From Franciscan Richard Rohr, who suggests that there are good, beautiful, and true gems worth holding on to. At the same time, there are many unhelpful and even harmful parts of what has passed for Christianity that we need to move beyond. In his Daily Meditations, Father Richard helps us mine the depths of this tradition, discerning what to keep and what to transcend.
Friday, June 14, 2019, Feminine Incarnation, Wise Women, For the full posting go here.
Today’s reflection is by Mirabai Starr, drawn from her article in the Center’s spring newsletter and her new book Wild Mercy:*
Ever since I was a young girl, I have been irresistibly drawn to every religion I encountered. Born into a non-religious Jewish family, I had embraced multiple spiritual traditions by the time I was twenty and integrated them into my daily life: a deep devotion to an Indian saint, a daily Buddhist meditation practice, initiation into multiple Sufi lineages, a reclamation of the ancient beauty of my ancestral home in Judaism, and an unexpected friendship with Christ through the mystics, whose words I have since translated. Each of these paths has comingled in my being, creating a rich and robust spiritual soil.
I rewrote this paragraph from my perspective,
Ever since I was a young man, I have been irresistibly drawn to every religion I encountered. Born into a less-religious LDS (Mormon) family, I had embraced multiple spiritual traditions by the time I was twenty-five and began to integrated them into my daily life: a deep interest in Buddhist meditation practice, investigation into Taoism, a reclamation of the beauty of my ancestral home in Mormonism, and an unexpected friendship with Christ through the (Catholic) saints, the Blessed Mother and modern theologians such as Nouwen and Merton, whose words I have since contemplated. Each of these paths has comingled in my being, creating a rich and robust spiritual soil. It is my desire to use this fertile soil to grow into a deeper relationship with my Father and begin to bless others like I have been blessed. - g. koerner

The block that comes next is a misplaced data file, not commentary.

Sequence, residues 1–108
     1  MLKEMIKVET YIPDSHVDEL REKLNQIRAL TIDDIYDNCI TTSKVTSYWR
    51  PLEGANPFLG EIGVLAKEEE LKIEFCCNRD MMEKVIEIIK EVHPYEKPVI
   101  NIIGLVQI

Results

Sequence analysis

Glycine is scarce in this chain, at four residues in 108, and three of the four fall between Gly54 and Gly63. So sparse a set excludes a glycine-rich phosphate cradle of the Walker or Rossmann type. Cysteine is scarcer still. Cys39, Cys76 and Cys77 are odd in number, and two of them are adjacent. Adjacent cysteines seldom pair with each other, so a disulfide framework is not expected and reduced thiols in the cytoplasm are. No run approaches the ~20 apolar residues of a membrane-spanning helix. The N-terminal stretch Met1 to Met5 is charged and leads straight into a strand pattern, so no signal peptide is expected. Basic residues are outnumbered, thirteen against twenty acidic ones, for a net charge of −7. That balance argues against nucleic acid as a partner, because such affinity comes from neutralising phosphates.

* Mirabai Starr, Wild Mercy: Living the Fierce and Tender Wisdom of the Women Mystics (Sounds True: 2019)
Image credit: Our Lady of Guadalupe (detail of the original image as it appeared on the tilma or cloak of Juan Diego when he experienced a vision of Our Lady on top of Tepeyac Hill, outside of Mexico City). The tilma is enshrined within the Minor Basilica of Our Lady of Guadalupe in Mexico City.